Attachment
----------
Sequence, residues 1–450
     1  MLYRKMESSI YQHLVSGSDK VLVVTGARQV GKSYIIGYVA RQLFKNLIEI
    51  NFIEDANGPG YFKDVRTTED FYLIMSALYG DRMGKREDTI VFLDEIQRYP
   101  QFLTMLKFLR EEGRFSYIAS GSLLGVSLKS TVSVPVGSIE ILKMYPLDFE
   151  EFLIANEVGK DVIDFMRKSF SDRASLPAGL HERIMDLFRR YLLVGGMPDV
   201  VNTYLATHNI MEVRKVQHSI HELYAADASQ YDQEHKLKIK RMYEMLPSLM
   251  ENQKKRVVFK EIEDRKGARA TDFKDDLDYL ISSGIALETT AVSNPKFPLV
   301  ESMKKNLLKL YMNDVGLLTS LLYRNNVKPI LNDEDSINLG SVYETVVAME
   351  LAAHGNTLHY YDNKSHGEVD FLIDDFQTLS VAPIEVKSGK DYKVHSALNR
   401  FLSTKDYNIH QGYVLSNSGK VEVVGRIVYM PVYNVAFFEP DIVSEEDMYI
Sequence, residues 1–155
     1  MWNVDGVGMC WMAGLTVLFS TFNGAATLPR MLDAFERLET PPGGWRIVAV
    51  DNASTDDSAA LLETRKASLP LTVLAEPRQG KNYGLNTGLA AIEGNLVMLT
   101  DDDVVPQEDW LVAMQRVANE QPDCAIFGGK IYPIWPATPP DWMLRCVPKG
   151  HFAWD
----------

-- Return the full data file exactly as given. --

Sequence, residues 1–450
     1  MLYRKMESSI YQHLVSGSDK VLVVTGARQV GKSYIIGYVA RQLFKNLIEI
    51  NFIEDANGPG YFKDVRTTED FYLIMSALYG DRMGKREDTI VFLDEIQRYP
   101  QFLTMLKFLR EEGRFSYIAS GSLLGVSLKS TVSVPVGSIE ILKMYPLDFE
   151  EFLIANEVGK DVIDFMRKSF SDRASLPAGL HERIMDLFRR YLLVGGMPDV
   201  VNTYLATHNI MEVRKVQHSI HELYAADASQ YDQEHKLKIK RMYEMLPSLM
   251  ENQKKRVVFK EIEDRKGARA TDFKDDLDYL ISSGIALETT AVSNPKFPLV
   301  ESMKKNLLKL YMNDVGLLTS LLYRNNVKPI LNDEDSINLG SVYETVVAME
   351  LAAHGNTLHY YDNKSHGEVD FLIDDFQTLS VAPIEVKSGK DYKVHSALNR
   401  FLSTKDYNIH QGYVLSNSGK VEVVGRIVYM PVYNVAFFEP DIVSEEDMYI
Sequence, residues 1–155
     1  MWNVDGVGMC WMAGLTVLFS TFNGAATLPR MLDAFERLET PPGGWRIVAV
    51  DNASTDDSAA LLETRKASLP LTVLAEPRQG KNYGLNTGLA AIEGNLVMLT
   101  DDDVVPQEDW LVAMQRVANE QPDCAIFGGK IYPIWPATPP DWMLRCVPKG
   151  HFAWD